Which plant has a metabolic rate as high as a hummingbird’s, generates enough heat to melt its way through the snow, and has the ability to regulate its body temperature just like a warm-blooded animal? Here’s a hint: they look like cabbages and smell like skunks, which attracts early spring pollinators.
As soon as the ice melts from ponds, wood frogs emerge from hibernation, filling cool spring nights with the sound of their croaks. To tell males from females, just look at their hands. Males have absurdly muscular thumbs, the better to hold onto females in the fierce competition for mates.
Have you ever noticed tumor-like growths on plants? Fungi, insects, mites and bacteria are like “body snatchers,” penetrating plant cells and manipulating them to produce galls, cankers and witch’s brooms for the parasites’ benefit. Fortunately, most are benign.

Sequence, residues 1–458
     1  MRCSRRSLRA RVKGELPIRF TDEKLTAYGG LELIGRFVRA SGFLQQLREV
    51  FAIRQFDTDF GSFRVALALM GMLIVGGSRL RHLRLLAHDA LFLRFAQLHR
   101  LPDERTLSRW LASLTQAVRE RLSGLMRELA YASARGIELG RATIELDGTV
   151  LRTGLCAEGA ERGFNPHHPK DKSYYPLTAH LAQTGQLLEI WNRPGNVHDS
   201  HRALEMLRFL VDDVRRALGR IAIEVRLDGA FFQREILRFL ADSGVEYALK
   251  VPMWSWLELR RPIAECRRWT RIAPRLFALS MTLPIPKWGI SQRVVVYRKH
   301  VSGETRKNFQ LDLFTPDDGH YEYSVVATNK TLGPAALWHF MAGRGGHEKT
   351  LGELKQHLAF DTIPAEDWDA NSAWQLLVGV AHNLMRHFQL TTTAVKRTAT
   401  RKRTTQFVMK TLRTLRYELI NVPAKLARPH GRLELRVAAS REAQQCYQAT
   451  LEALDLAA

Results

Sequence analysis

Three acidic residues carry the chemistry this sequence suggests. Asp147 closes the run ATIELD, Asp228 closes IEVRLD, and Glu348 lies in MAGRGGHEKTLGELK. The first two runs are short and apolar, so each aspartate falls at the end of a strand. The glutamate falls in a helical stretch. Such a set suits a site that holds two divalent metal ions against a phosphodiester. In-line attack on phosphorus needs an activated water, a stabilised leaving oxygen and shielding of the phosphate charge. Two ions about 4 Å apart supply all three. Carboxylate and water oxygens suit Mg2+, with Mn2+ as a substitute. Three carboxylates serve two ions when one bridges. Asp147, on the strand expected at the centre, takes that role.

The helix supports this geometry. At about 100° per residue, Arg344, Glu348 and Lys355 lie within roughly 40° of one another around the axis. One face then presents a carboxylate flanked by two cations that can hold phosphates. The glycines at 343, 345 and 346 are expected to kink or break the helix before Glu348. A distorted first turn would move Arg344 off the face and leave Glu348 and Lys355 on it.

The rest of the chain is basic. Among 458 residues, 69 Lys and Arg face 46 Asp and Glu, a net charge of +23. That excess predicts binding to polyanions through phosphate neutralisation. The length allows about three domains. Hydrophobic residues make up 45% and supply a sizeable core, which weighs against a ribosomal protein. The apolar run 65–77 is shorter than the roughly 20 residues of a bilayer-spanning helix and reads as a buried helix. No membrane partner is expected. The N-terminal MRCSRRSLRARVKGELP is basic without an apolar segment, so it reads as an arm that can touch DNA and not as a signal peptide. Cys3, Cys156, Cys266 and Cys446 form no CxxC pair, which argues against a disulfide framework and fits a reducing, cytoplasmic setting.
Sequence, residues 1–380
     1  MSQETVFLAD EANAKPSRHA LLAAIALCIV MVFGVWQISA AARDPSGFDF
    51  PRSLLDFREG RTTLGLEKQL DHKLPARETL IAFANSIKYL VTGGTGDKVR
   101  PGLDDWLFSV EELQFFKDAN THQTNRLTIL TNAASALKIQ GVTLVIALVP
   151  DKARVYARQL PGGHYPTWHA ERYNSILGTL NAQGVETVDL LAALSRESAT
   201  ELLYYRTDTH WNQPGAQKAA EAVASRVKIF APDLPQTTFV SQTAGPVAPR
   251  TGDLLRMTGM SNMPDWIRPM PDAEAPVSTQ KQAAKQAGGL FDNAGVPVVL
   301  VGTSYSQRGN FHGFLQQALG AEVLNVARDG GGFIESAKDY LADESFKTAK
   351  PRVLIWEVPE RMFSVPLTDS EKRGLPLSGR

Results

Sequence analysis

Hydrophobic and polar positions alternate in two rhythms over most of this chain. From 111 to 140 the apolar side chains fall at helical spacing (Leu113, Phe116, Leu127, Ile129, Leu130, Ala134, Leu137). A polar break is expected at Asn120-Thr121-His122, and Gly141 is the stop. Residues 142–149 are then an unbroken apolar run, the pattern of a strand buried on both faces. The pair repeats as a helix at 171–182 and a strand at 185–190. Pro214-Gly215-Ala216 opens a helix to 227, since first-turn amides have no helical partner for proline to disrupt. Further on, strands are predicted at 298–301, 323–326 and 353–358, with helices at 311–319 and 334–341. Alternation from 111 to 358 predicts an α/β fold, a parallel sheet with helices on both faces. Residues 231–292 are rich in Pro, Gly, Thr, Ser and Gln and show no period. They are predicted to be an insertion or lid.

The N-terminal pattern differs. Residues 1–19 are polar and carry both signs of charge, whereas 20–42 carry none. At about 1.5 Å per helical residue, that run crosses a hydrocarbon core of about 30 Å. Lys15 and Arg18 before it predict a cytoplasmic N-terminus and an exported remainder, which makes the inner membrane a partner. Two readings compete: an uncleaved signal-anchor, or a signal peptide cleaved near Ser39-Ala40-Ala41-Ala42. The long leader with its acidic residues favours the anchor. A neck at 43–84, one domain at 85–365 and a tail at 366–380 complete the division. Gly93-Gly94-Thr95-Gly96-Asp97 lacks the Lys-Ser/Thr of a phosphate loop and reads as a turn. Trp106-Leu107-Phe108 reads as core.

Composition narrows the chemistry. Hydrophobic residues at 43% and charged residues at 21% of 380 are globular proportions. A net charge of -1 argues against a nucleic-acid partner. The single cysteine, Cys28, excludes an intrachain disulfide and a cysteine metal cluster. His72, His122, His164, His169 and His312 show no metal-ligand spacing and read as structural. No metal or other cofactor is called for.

Mosses are among the most ancient plants on earth, and their peculiar biology shows it. The lovely leafy green plant that all of us are familiar with? It has just half the normal number of chromosomes, like an egg or sperm!
In February, when it’s still frigid at night but daytime temperatures are starting to warm, it may look like trees are just sitting there doing nothing. But inside their cells, changes are happening and sap is starting to flow.